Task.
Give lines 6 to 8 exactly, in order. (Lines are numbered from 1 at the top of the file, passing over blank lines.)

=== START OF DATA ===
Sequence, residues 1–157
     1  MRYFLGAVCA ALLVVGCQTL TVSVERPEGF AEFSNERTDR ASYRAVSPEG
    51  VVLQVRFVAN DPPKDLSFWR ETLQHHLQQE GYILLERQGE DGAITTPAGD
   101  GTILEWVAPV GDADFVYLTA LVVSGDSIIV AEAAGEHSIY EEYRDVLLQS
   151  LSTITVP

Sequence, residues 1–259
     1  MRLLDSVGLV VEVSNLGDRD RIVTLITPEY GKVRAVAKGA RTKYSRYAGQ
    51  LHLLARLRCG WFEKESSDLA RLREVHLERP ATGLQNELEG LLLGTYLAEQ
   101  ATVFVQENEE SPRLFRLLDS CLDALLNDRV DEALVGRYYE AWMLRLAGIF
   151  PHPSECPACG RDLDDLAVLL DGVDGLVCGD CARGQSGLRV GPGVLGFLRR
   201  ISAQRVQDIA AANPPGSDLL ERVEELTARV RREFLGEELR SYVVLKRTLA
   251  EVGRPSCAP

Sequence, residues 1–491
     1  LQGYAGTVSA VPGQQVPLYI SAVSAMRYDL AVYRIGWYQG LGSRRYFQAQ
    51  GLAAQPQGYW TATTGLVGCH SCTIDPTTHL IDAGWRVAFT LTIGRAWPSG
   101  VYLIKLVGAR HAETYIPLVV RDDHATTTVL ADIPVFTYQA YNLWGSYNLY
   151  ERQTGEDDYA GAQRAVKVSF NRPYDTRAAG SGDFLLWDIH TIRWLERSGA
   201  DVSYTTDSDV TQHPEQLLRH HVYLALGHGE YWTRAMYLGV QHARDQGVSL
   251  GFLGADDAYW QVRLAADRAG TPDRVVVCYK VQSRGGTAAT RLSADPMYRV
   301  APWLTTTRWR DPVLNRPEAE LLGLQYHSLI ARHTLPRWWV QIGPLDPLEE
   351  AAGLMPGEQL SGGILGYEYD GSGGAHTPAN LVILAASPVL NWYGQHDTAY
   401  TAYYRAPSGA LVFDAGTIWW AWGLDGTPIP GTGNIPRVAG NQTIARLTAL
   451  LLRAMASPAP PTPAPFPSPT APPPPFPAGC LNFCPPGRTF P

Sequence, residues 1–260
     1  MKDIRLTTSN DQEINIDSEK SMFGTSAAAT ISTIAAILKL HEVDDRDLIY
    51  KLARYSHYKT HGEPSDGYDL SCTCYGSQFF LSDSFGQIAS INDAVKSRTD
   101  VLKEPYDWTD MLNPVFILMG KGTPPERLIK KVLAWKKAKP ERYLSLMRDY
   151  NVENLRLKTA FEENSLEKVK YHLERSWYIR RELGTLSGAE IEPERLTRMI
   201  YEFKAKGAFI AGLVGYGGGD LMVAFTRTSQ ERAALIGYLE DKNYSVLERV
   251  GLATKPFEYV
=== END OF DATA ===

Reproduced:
Sequence, residues 1–259
     1  MRLLDSVGLV VEVSNLGDRD RIVTLITPEY GKVRAVAKGA RTKYSRYAGQ
    51  LHLLARLRCG WFEKESSDLA RLREVHLERP ATGLQNELEG LLLGTYLAEQ